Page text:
She woke up with a splitting headache one day. It felt almost as if she had been hit in the head with a sledgehammer. As she was hit with a barrage of memories, her heart shattered. She had a son. Ann remembered the day he was conceived and the day he was born. She could hear the pitter-patter his tiny feet had made on the wooden flooring of their home in Vermont. She remembered when she and her husband, Joe, had driven to a small cabin in the woods where they’d cuddled by the fireplace. She knew the sound of his voice, the way his eyes crinkled at the corners when he laughed. She could still feel his arms wrapped around her as he hugged her from behind. 

Ann missed someone she never even knew. He was never real. Her son was never born.


She tried to go back to her daily routine while her memories were slowly morphing into one another. Some days, she came home early from work to spend time with her family only to realise they didn’t exist. Seeing the empty loft was a stab in her heart each time. One day, she drove all the way to Vermont, to see if he still lived in their old home. She was greeted at the door by Joe who pretended not to know her. This was a man she had known for more than ten years. She could see he recognised her. She couldn’t understand why he was pulling away from her. As a last-ditch effort, she told him she was going to the same building where his first wife had jumped from. She hoped he would save her the way he had not been able to save his deceased wife in her memories. Just before she left, she caught him looking at her with guilt and regret in his eyes. If she had stayed for a little while longer, she would’ve seen Joe’s first wife, Franny, come out the door. Franny, who was supposed to be dead, was as happy and healthy as Ann used to be.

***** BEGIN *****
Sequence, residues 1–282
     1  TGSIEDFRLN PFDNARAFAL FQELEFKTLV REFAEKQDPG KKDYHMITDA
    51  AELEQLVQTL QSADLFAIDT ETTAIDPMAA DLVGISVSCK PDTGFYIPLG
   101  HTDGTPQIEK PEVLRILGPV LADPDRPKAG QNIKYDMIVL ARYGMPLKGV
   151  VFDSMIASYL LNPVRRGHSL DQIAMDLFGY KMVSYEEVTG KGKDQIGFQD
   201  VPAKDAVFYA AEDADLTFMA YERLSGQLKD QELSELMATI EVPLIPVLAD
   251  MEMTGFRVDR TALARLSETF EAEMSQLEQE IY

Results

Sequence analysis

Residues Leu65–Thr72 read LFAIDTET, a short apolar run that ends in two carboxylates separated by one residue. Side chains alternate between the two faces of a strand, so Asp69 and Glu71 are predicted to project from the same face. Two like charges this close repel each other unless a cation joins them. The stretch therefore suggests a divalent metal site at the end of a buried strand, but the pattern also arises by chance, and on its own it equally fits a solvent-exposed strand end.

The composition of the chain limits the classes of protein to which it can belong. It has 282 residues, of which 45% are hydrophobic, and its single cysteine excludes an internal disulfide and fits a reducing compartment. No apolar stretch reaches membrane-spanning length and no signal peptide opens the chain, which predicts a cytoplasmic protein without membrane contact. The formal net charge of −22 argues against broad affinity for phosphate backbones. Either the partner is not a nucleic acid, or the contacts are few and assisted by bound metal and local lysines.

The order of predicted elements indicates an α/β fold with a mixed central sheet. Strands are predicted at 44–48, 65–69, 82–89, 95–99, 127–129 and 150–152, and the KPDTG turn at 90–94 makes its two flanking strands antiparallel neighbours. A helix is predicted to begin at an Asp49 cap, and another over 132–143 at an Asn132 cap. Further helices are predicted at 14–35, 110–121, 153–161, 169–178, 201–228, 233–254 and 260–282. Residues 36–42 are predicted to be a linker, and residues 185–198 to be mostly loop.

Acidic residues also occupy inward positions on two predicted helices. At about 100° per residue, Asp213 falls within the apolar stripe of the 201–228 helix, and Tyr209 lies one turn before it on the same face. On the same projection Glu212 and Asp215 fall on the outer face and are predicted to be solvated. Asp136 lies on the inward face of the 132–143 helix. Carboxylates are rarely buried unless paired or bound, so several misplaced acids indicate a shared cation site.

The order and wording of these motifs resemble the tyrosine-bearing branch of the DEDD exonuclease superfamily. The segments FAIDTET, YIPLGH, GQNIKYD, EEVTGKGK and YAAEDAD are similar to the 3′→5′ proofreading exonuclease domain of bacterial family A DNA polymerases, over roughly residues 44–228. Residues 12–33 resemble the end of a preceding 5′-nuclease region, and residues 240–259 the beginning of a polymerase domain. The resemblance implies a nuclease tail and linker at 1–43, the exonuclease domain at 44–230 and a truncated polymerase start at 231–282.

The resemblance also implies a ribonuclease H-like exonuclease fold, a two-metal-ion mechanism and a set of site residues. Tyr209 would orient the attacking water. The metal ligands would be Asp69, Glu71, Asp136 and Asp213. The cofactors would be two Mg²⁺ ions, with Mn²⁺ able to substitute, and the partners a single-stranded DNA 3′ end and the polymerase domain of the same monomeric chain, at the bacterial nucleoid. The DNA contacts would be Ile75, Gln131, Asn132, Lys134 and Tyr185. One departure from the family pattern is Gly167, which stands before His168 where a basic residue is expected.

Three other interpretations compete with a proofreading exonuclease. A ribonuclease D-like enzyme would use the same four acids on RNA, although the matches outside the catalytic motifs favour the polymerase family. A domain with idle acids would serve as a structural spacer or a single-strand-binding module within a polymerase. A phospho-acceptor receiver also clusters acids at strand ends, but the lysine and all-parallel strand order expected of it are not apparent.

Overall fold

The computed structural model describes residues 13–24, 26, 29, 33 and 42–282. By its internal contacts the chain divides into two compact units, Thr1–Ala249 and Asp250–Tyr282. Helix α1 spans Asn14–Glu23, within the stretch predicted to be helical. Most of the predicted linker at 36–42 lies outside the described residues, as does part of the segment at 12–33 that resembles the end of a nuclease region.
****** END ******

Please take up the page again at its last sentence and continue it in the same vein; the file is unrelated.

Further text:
Ann went to the roof of the building the way she had told Joe she would. She waited for him to turn up, but he never did. She gave up her life for a man who had never been there for her. A man who had chosen someone else over her.


The drastic change in these two timelines arose because of a choice that Joe made. After he’d been married to Ann for more than a decade, he chose to go back to the moment when his first wife had jumped. He had convinced Franny to live and they spent the rest of their lives together. This, in turn, meant that he had never met and fallen in love with Ann. After Ann’s old memories came back and she remembered what her life could have been like, it broke her mind. But Joe had no way of knowing the effect that his decision would have on Ann’s life. He wasn’t completely to blame for her death, but neither was she. 

Very often, we choose what we want to do. At any given moment, there are at least two choices that we can make. And most of the time, the consequences of our choices are limited to us. I can either eat ice cream or I can choose not to. This doesn’t have a long-term effect and it doesn’t affect anyone but me. Most of our choices tend to be like this. But there are some which have far-reaching consequences in the lives of the people around us. We make decisions that we think are right for us without considering the extent of the repercussions. A general law of psychology states that a decision that seems right to us at a given moment won’t necessarily be the right action to take at another point in time. If this is the case, shouldn’t we be more careful, especially when the outcome can affect the people that we love? How do we continue to make decisions knowing that we might regret them at a future date? How can we know what the right choice is when we keep second-guessing ourselves?

“The choices that we make every minute of every day can contribute to making someone’s life a little better or worse without even intending it.”

              -Chikamso Efobi

(This article has been inspired by the book ‘Recursion’ written by Blake Crouch)